I have a feeling that this semester will be very challenging; however, I know that it will be all worth it once May comes around and I have that familiar cap and gown on once again. But for now, we have to focus on finishing the design of our 13-story office/retail building.

Until next time, Lauren

November 8, 2010

It's the beginning of November and fall is now in full swing—consequently, so are all of my projects, reports, and homework. Deadlines are creeping up now that we only have about four weeks of classes left, and I am trying to cram as much in now as I can so that I don't have a pile of work to finish by December. I haven't been cooped up working on homework this whole time, though. In the past month we have had many opportunities to go on field trips and hear from other practicing engineers in order to learn how structural designers must interact with all people on a project. I find these field trips and seminars very interesting. It is highly valuable to understand the best ways for a structural engineer to relay his or her designs to other people on the project so plans are communicated as clearly as possible.

Our M.Eng. class recently visited High Concrete, a precast/prestressed concrete plant in Denver, Pa. We were able to see how different kinds of precast products were made, such as insulated wall panels and bridge double-tee beams. I wasn't aware of the large versatility of precast concrete — practically any geometry (such as size and shapes) and finish (such as colors and texture) can be created. Therefore, we learned that precast products can serve both structural and architectural purposes in a building.

As for one of my projects, I have decided that I would like to investigate the dynamic properties of a highway bridge in the area in order to go along with my Structural Dynamics class. Soon I will be going on site to the bridge location (hopefully before it gets too cold) and placing sensors along the span of the bridge. These sensors will take data of the acceleration of the bridge as vehicles drive across it, which I can then input into a computer program to determine the dynamic properties of the bridge. I also plan on creating a finite element model of the bridge using SAP2000 and compare the results that I obtain from the computer program to the actual data I collect. This is quite an in-depth project, and I will be working on it from now until February of next year.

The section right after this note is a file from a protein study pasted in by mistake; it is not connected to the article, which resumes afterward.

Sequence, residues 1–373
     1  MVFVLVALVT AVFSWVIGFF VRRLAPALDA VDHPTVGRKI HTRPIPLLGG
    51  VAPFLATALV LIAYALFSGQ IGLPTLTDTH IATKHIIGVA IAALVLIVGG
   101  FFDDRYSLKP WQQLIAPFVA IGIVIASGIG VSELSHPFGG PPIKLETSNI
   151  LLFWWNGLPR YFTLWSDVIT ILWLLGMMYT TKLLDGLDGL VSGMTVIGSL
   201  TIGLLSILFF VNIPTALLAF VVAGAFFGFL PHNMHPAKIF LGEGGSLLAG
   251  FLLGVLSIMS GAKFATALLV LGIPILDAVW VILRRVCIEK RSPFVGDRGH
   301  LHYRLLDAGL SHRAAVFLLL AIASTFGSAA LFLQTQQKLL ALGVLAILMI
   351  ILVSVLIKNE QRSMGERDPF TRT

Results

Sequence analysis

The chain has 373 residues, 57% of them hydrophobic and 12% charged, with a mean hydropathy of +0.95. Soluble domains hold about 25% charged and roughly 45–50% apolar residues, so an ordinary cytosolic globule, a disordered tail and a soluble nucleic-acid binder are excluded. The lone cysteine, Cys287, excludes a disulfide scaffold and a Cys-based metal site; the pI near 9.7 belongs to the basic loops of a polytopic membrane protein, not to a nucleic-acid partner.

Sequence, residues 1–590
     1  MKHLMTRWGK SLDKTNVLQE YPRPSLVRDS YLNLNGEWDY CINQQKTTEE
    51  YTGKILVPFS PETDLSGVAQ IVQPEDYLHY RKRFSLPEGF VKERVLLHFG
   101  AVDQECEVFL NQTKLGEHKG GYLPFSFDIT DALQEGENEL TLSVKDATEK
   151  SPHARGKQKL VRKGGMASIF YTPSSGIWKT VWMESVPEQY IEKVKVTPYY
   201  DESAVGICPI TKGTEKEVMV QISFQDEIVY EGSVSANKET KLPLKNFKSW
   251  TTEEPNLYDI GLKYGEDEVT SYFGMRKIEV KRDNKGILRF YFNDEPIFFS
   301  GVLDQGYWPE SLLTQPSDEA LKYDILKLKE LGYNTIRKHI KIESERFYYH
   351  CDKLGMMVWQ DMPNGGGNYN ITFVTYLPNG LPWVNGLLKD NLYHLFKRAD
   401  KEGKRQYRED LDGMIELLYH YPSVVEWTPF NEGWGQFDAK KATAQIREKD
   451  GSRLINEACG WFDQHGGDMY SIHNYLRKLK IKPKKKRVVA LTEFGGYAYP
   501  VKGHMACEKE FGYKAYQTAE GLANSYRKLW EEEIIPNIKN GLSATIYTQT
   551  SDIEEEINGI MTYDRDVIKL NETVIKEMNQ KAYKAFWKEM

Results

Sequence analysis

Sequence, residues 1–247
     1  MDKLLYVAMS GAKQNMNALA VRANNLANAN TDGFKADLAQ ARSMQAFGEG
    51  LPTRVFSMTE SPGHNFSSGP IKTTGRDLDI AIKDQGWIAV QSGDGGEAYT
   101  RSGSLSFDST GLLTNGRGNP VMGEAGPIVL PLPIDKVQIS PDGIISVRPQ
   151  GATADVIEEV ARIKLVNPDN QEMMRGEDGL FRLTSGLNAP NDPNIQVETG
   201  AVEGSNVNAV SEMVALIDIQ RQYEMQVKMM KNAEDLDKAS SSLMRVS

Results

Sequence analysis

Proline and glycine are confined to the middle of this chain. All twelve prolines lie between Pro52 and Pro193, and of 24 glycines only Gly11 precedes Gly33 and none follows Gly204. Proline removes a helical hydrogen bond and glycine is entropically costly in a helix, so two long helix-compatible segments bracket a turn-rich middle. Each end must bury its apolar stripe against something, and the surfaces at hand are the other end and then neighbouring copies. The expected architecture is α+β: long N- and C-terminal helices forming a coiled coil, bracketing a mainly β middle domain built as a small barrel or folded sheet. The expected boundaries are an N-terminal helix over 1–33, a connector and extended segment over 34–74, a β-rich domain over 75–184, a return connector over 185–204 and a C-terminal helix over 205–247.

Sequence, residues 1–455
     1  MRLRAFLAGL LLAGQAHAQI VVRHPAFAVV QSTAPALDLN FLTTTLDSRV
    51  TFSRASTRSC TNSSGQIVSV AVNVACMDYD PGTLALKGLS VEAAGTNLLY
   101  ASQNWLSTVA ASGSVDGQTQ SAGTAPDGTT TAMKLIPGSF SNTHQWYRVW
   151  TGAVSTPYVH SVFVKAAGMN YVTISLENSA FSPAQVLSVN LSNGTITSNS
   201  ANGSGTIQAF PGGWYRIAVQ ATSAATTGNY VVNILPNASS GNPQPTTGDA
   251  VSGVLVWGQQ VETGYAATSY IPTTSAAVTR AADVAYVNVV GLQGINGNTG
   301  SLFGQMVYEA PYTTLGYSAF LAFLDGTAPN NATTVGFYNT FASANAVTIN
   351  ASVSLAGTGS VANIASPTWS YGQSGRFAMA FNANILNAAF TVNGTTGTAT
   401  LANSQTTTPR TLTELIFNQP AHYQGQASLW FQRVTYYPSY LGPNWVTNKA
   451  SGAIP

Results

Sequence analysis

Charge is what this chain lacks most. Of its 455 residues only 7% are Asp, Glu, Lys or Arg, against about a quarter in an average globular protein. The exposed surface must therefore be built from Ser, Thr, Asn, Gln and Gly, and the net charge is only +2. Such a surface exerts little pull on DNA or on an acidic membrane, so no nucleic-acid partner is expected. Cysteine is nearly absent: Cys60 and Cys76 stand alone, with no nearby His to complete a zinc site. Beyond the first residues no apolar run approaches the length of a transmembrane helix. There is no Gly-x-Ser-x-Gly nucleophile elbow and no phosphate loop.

My other main project right now is creating a prestressed concrete beam for the Big Beam project. My group has designed a T-shaped beam that is supposed to hold 20,000 pounds without cracking and fail at a little above 32,000 pounds. We will find out by next week which two beams will be selected to be built, and then we will go through testing the beam and seeing how accurate our design calculations were. I'm pretty confident that our design will perform well, so I hope that our team will be selected because I am interested to see how well it performs under the loading.

Tomorrow I will be registering for my final semester of classes. After some thought, I have decided to take Behavior and Design of Earthquake-resistant Structures and Advanced Project Management, along with my required courses of the Design Project and Advanced Structural Analysis. I feel like these classes will definitely help to prepare me well for a career in structural design. It's weird that I am finally registering for my last semester of classes in college, but I know that I am ready to get out into the working world and start putting my education to good use.

October 12, 2010

HorwathIt’s a beautiful Tuesday afternoon, and I am enjoying the last few hours of my four-day pacing break weekend. Tomorrow I will head back to class and begin the two-week period of studying for my midterms, which will finish up near the end of October. Needless to say, if I thought I had a lot to do now, I can’t imagine how busy I will be for the rest of this month! Exams, projects, homework, interviews ... lots of hard work ahead, but it all is worth it as it brings me closer to my master’s degree.

Last Friday our entire Master of Engineering class was able to take a trip down to Bensalem, Pennsylvania to tour Samuel Grossi & Sons, a structural steel fabrication company. After just having a lecture on connections the previous week, we were able to see how Grossi & Sons took information from the structural engineer and created a new model in order to make sure that the loads were being properly transmitted through the building through the connections. It was very interesting to see the steel fabrication side of structural design, and I think we all learned just how imperative it is for the structural engineer and steel fabricator to have frequent communication.

HorwathPictured above is Mr. Grossi explaining how this specific piece of equipment transfers the connection designs from the computer model onto an actual steel beam. The picture at left is a pedestrian bridge that was transported from the campus of the University of Pennsylvania’s Grossi & Sons for repair.